Science-- there's something for everyone

Thursday, October 10, 2013

Categorizing smells

Our taste receptors can only detect five or six flavors: sweet, salt, bitter, sour, umami and possibly fat. Our eyes have only three types of color detecting cones.  For example, wavelengths of 475 nm trigger our blue cones. Yet smells seemed to defy discrete categorization. Until now.

Jason Castro from Bates College, Arvind Ramanathan from Oak Ridge National Laboratory, and Chakra Chennubhotla from the University of Pittsburg used data from smell tests conducted with dozens of trained olfactory scientists and perfumers. The volunteers rated how well each compound fit one of 146 descriptors, such as 'pleasantness', 'sweetness' or 'heaviness'. The researchers were able to develop a mathematical model of all the kinds of odors we can smell. According to them, we can detect ten broad categories of odor. I know you’re dying to know what they are, so here’s the list:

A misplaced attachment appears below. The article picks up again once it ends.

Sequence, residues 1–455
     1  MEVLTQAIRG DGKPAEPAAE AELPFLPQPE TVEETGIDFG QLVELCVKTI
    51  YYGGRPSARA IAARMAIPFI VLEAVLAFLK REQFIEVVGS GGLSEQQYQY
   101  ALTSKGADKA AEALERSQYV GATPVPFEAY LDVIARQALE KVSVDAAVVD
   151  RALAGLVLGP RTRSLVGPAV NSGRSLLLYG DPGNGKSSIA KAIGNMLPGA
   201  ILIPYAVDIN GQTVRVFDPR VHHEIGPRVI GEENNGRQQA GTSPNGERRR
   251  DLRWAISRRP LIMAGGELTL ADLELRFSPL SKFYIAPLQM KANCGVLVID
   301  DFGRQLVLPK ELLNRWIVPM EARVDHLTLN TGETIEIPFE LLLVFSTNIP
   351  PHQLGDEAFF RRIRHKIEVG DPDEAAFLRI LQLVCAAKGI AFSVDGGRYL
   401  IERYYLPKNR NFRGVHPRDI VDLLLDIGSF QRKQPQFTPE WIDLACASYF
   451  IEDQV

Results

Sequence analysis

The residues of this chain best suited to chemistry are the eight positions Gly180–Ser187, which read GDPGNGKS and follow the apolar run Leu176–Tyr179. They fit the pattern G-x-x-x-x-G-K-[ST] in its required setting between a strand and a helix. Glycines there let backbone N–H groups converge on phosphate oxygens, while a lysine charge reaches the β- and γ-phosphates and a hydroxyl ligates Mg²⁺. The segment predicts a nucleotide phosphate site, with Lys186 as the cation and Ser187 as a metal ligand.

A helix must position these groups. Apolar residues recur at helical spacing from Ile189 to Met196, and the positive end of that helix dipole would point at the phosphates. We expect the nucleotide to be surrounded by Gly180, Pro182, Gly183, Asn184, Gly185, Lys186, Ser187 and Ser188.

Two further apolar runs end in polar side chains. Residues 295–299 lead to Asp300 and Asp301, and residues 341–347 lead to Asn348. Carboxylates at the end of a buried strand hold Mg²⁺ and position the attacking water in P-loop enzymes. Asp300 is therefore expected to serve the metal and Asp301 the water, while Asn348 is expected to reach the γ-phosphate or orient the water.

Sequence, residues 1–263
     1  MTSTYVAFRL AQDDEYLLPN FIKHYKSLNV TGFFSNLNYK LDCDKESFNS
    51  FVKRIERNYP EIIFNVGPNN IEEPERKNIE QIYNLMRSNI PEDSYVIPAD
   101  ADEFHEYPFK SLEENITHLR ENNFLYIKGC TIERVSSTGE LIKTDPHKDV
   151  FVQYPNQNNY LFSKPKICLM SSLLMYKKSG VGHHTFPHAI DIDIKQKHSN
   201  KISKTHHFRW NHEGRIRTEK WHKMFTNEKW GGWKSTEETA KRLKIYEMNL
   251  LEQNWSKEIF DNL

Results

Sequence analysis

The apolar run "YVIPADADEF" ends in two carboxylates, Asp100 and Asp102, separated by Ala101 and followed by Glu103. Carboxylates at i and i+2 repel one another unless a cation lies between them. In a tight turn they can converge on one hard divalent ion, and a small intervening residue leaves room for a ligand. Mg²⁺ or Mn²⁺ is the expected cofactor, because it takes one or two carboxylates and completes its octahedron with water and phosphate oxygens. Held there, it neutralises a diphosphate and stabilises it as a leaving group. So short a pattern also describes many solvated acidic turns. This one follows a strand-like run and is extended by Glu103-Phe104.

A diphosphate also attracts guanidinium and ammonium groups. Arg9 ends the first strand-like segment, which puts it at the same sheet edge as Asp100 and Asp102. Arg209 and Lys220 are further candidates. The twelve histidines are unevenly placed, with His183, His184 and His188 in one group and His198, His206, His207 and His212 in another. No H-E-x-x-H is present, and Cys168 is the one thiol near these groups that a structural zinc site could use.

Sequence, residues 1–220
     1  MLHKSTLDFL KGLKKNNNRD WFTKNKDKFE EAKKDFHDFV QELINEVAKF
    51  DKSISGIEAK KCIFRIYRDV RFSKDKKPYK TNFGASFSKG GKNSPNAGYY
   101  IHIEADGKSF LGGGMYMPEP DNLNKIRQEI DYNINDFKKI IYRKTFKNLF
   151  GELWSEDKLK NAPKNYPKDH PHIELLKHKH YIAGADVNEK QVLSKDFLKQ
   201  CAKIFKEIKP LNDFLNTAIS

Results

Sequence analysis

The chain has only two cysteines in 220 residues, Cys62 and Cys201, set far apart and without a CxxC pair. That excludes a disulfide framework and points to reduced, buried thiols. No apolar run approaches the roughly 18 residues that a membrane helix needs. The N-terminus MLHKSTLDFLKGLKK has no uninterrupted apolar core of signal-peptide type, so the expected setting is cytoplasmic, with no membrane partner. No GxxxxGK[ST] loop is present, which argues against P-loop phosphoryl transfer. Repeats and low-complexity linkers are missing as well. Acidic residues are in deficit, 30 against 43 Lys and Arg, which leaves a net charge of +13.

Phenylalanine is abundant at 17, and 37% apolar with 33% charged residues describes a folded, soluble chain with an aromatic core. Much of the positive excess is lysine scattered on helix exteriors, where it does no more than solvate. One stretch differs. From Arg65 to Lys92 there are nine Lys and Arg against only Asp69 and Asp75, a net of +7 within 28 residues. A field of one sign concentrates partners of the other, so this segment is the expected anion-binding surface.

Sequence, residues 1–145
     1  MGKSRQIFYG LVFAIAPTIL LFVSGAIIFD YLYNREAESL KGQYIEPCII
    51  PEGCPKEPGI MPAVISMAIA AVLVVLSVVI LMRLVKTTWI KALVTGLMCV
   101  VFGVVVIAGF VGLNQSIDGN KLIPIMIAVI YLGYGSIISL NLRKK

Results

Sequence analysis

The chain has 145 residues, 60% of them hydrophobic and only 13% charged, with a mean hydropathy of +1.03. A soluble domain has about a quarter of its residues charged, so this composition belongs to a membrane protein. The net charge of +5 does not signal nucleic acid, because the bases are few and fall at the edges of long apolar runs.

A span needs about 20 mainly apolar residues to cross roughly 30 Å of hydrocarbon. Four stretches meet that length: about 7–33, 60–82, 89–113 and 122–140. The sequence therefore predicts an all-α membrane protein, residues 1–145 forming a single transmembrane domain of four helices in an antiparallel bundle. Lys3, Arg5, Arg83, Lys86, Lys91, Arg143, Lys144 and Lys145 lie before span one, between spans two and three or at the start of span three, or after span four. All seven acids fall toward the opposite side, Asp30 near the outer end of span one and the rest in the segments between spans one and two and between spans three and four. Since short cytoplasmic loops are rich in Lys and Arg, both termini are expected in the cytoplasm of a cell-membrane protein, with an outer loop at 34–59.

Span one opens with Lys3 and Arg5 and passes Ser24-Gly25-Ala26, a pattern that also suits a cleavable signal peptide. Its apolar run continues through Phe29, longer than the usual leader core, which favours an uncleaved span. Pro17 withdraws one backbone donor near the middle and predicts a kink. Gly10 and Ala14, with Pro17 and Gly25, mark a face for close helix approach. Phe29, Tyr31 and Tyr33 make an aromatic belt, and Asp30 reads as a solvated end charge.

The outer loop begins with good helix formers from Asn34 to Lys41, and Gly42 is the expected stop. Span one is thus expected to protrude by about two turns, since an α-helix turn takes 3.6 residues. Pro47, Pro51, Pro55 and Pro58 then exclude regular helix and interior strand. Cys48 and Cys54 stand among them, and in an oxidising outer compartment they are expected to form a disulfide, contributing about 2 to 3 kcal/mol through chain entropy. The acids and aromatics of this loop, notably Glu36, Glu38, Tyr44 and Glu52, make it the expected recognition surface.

1. Fragrant
  2. Woody/resinous
  3. Fruity (non-citrus)
  4. Chemical
  5. Minty/peppermint
  6. Sweet
  7. Popcorn
  8. Lemon
  9. Pungent
  10. Decayed

The last two are both ‘sickening’ odors that you would wish to avoid. 

This shouldn’t be interpreted to mean that everything smells like either lemons or popcorn (though I’m amazed that those two got their own categories). Rather, these are just names the authors picked for broad categories of smells. You can see a list of some of those scent categories below.

Table 1 10 largest-valued descriptors for each of the 10 basis vectors obtained from non-negative matrix factorization.
10 largest-valued descriptors for each of the 10 basis vectors obtained from non-negative matrix factorization.

To be clear, the researchers were classifying single odors, not jambalaya. I wouldn't put too much stock in the names or rigidity of these categories. That said, I find it interesting that there could be discrete divisions of smells. 


Castro JB, Ramanathan A, & Chennubhotla CS (2013). Categorical dimensions of human odor descriptor space revealed by non-negative matrix factorization. PloS one, 8 (9) PMID: 24058466.